IPS to supply controls for world's first hydrogen power plant

Oct. 23, 2008

Invensys Process Systems (IPS) has been selected by Enel to supply control and automation technology for the world's first hydrogen-fuelled power plant, to be constructed in Fusina, near Venice in the Veneto region of Italy. Enel is Italy's largest power company with more than 50 million power and gas customers and a presence in 21 countries.

The new facility, which places Enel and Italy at the forefront of technological innovation for environmentally compatible energy development, is part of the "Environment and Innovation Project," which envisages investments of 7.4 billion euros by 2012. The 40- million euro plant will be built next to Enel's existing coal-fired power station in Fusina and is being supported with 4 million euros from the local Veneto region, which is keen to establish a dedicated "hydrogen district" in the area.

"IPS is proud to be a partner in this historic, future-looking project. Our process and energy industry know-how, coupled with IPS technology and support services, allows us to help our clients deliver energy from renewable and environmentally friendly resources," said Paulett Eberhart, president and CEO of IPS. "We are confident that our unique service offerings and technical expertise will help Enel provide long-term benefits to the people and environment of Italy."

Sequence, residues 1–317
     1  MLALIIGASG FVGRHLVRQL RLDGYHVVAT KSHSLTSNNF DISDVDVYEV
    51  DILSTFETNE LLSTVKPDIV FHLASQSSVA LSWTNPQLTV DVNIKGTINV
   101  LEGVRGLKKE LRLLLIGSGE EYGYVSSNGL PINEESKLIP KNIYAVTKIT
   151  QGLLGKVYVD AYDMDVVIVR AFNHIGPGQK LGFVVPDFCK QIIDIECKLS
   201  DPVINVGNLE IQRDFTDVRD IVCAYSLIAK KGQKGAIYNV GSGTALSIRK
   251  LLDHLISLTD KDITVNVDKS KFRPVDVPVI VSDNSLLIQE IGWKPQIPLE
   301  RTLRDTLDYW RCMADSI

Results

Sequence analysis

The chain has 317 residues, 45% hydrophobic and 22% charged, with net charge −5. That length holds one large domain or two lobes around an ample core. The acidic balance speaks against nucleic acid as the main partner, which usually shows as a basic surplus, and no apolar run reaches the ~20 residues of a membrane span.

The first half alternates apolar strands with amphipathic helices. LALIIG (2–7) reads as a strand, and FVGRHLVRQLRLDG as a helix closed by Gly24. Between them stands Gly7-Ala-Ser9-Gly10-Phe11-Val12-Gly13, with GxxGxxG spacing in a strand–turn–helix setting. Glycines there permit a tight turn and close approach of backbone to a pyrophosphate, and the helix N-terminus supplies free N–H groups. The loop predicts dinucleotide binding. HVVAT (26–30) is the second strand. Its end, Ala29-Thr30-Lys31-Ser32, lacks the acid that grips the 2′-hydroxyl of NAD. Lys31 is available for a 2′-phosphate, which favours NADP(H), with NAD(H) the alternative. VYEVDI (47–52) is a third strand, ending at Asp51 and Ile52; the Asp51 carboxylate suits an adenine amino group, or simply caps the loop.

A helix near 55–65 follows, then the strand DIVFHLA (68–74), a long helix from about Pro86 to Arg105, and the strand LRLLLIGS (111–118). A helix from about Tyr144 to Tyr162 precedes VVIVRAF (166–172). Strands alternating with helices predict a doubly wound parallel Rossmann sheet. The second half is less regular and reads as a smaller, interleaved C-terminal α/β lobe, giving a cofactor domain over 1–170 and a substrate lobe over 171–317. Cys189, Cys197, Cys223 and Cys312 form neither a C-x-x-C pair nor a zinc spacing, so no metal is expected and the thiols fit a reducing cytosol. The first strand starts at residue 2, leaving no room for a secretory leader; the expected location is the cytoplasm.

As part of the deal, the company will supply I/A Series automation and Triconex triple modular redundant safety controllers, as well as instrumentation and other site services.
"Enel have found in IPS a technical partner that is dedicated to providing the services and solutions not only to generate electricity, but also to reduce CO2 emissions," said Vittorio Panzeri, operations director of IPS Italy.

In the first phase of the project, a demonstration was conducted to verify that the existing 12-megawatt gas turbine would operate correctly with pure hydrogen as a fuel. The demonstration also provided data on the safety aspects and control technologies required for the efficient combustion of the gas. The goal of the second phase of the program is to optimise combustion technology, paying particular attention to nitrogen oxide emissions.

The final design of the plant has been completed, public and statutory permission for construction has been obtained, and the gas turbine has been chosen and ordered. The plant is expected to begin producing energy and be completely online by June 2010, serving 20,000 households.